Last Friday, February the 15th, I had just bought a coffee at the St Lawrence Market, found a free table, and there was a copy of Now Magazine on it face up. I haven’t read Now Magazine for months – although people do say it is an alternative voice. If it had been one of those 10 Best Tacos in TO – or some similar inane headline, I would have folded it up and set it aside – or maybe used it as a makeshift tablecloth. But the headline was: Crisis? What Crisis? Toronto Abandons Its Homeless People.
I sat down and opened up the paper which randomly happened to be page 9 and the headline Hiding In Plain Sight and then I saw By Greg Cook – and I was like – Greg! I’ve known Greg for 8 years – we run into each other from time to time – I just saw him in Kensington Market in January after – what – 18 months? So I read the article twice, and the accompanying ones on the subject of homelessness in Toronto by other writers. I had to pause to reflect.
On Tuesday, I went to see Greg at The Sanctuary Mission on Charles Street. When I saw him in January he’d said stop by, so Tuesday was the day, around noon, just before the lunch sitting. I told him the story I’ve just shared with you – that it was as if I was supposed to read his story. And I suppose I also wanted to make some sense of it. To ask him – what should we do? It’s not like it’s a new story of course, but when you read something from somebody you’ve known for years – it touches you in a way that maybe an article by someone you don’t know doesn’t.
In particular, I wanted to ask him about the closing paragraph: “Toronto needs a housing plan that ensures the building of thousands of units for people who need them the most.” “Anything less will mean more needless suffering and death.” So, I wondered. Toronto doesn’t have a Housing plan?
Greg explained about how housing plans had waned – first on the federal level in the 1980s, then provincially in the 1990s, leaving the city to deal with non-market type housing – which it apparently doesn’t have the finances and tax raising capability to do.
Though the Federal government have announced new initiatives, these haven’t come down the pipeline yet – and meanwhile, publically owned land close to TTC stations – the best opportunity for social and affordable housing – are being eyed up for more private development. How is that even possible? I enquired. How could City Planners be involved in such a thing when its so obvious that we have a homeless crisis, a housing crisis? – and not just for the lower classes, but increasingly, as Greg pointed out to me, the middle classes, and millennials.
What is good, Phaedrus,
And what is not good –
Need we ask anyone to tell us these things?
We spoke about the situation for a few minutes. But the so called rich people – they’re suffering too, I said. They’ve lost their hearts, their humanity. Greg pointed out that though that was the case, the suffering – or the price being paid for it – was falling disproportionately on the poorest and most vulnerable. I told him I’d think it over and email him a response.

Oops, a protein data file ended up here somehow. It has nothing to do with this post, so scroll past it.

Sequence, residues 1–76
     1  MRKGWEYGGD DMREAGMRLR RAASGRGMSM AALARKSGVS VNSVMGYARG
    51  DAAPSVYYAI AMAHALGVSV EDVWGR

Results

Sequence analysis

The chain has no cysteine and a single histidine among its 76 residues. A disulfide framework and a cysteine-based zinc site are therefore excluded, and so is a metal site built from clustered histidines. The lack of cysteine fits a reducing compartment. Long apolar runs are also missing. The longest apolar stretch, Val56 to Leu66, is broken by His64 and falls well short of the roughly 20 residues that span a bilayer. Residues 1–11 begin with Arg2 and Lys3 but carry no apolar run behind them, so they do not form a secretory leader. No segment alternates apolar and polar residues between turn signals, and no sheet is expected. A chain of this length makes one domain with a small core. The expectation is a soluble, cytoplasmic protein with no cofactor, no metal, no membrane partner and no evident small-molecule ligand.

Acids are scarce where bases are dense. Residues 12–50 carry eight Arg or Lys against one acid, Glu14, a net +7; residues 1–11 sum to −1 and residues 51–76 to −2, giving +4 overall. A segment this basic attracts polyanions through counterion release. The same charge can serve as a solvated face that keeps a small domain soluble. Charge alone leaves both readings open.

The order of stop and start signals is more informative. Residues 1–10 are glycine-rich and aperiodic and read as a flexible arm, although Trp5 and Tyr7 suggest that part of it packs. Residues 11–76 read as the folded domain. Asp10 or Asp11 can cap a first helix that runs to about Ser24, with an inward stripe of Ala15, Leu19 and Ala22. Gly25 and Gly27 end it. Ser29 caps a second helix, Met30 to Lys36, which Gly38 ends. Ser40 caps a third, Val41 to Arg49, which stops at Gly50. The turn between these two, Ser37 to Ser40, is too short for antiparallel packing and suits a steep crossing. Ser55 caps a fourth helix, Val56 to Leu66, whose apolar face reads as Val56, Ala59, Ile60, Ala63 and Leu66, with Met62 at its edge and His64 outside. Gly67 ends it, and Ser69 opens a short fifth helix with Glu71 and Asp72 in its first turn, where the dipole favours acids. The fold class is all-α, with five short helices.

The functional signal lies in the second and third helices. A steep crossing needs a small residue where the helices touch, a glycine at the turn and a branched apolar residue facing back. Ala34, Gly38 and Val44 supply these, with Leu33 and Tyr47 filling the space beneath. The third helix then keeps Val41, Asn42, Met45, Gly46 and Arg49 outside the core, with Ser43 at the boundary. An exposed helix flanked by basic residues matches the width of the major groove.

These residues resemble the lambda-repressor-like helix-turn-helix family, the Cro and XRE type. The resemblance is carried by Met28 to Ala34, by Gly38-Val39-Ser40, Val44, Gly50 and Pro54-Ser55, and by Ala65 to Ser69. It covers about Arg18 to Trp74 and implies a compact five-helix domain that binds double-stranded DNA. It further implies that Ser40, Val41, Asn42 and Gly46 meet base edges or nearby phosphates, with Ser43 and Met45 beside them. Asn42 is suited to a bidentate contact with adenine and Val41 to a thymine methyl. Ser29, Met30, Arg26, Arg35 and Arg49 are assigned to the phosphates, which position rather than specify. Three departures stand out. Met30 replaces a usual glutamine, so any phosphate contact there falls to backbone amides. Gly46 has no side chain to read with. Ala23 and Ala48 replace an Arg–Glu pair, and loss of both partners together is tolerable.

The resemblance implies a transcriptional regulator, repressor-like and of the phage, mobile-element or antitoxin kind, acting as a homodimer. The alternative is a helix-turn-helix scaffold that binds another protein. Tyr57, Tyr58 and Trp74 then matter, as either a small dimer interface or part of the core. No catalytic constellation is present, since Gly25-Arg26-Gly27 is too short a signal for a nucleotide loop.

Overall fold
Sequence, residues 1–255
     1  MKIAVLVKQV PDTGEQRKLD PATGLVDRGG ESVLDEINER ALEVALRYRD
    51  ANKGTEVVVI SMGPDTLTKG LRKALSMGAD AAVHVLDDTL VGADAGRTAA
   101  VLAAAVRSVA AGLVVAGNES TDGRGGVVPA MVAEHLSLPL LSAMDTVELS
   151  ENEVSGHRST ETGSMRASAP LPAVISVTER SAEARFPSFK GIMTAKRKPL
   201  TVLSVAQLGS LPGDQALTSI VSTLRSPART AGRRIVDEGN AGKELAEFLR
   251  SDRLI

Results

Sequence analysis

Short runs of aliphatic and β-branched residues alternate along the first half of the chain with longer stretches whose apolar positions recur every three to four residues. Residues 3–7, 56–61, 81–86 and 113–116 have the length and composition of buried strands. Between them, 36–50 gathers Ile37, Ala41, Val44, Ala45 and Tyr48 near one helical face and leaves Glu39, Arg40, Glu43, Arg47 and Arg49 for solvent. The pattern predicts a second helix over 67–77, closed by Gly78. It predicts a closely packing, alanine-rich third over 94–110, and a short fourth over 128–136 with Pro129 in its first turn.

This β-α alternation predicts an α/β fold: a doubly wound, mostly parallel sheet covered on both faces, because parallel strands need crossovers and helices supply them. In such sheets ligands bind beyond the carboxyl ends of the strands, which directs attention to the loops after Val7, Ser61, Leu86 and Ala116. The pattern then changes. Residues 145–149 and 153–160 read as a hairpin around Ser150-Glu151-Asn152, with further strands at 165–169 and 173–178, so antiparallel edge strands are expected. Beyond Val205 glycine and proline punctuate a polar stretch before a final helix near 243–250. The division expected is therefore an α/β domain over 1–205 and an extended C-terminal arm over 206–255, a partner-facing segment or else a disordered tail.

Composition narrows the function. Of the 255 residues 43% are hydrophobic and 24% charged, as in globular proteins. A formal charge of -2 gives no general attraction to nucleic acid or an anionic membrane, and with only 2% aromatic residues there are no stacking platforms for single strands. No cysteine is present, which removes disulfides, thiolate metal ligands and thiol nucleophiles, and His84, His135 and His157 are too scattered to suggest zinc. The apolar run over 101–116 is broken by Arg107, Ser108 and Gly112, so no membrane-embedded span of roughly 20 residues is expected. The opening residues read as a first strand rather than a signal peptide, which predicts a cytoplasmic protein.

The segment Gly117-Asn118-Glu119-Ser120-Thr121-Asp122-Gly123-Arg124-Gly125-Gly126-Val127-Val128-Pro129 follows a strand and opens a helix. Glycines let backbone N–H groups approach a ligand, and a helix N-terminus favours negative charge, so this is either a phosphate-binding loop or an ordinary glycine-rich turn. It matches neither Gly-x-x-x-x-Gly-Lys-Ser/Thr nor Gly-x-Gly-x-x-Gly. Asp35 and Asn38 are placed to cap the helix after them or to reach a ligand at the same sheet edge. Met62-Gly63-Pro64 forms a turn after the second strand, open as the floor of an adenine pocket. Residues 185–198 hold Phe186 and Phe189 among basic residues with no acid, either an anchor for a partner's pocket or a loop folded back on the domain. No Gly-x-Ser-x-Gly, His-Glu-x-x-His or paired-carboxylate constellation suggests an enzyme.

Greg suggested I check out a book he’d recently read from the Toronto Public Library – The Creative Destruction of New York City: Engineering the City For The Elite. And there’s the thing – right there in the title – the suggestion that it’s not an inevitable result of invisible or unforeseen forces – but an engineering.
I cycled down to the City Hall branch where a copy was available. I didn’t notice the birds but Nathan Phillips Square was looking pretty desolate. A city worker was throwing salt on the vast swathes of concrete. I noticed my bike really needs a wash as I parked it on solid ice by the bike racks – a far cry from the clean bike on all those summer mornings parking at the same spot. As I was looking for The Creative Destruction I saw another book in the same section; Generation Priced Out: Who Gets to Live In The New Urban America. I checked them both out.
(Here’s an extract from The Creative Destruction: “Local government, the real estate industry, large corporations and banking giants; in the game they call “production of the city”, what else is the city if not a giant machine for making money?
The consensus is so powerful that it invalidates “any alternative vision of the purpose of local government or the meaning of community.”
We are becoming nothing but consumers of an urban experience that has been entirely designed and packaged by these powerful players.”) – Sound familiar?
I’ve seen Greg out on the streets over the years – as part of his outreach work – checking in on people living out on the streets, asking them how they’re doing – if they need any help – and what’s available to them if they do. This is like survival territory – that they’re going to be okay for the next 24 to 48 hours – not a long term solution – not the breakthrough solution that’s going to radically change their circumstances for the better. That they’re going to live out the next couple of days! But can you imagine what it means – just to have that human experience of someone on the lookout for you, caring about you, and recognising you as a human being when most people just seem to have abandoned you?
What’s my responsibility now?